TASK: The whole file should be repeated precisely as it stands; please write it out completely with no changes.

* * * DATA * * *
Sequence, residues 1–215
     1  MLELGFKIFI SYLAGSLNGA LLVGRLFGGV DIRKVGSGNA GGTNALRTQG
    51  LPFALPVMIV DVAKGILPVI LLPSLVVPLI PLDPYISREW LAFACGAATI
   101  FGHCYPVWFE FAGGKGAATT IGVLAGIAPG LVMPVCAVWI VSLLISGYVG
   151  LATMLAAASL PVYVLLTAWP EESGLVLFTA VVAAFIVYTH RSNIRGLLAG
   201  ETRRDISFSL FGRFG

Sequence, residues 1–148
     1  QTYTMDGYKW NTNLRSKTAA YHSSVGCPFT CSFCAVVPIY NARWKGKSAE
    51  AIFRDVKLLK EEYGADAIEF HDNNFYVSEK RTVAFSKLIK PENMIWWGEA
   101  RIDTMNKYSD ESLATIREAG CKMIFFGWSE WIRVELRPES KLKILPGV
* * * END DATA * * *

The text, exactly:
Sequence, residues 1–215
     1  MLELGFKIFI SYLAGSLNGA LLVGRLFGGV DIRKVGSGNA GGTNALRTQG
    51  LPFALPVMIV DVAKGILPVI LLPSLVVPLI PLDPYISREW LAFACGAATI
   101  FGHCYPVWFE FAGGKGAATT IGVLAGIAPG LVMPVCAVWI VSLLISGYVG
   151  LATMLAAASL PVYVLLTAWP EESGLVLFTA VVAAFIVYTH RSNIRGLLAG
   201  ETRRDISFSL FGRFG

Sequence, residues 1–148
     1  QTYTMDGYKW NTNLRSKTAA YHSSVGCPFT CSFCAVVPIY NARWKGKSAE
    51  AIFRDVKLLK EEYGADAIEF HDNNFYVSEK RTVAFSKLIK PENMIWWGEA
   101  RIDTMNKYSD ESLATIREAG CKMIFFGWSE WIRVELRPES KLKILPGV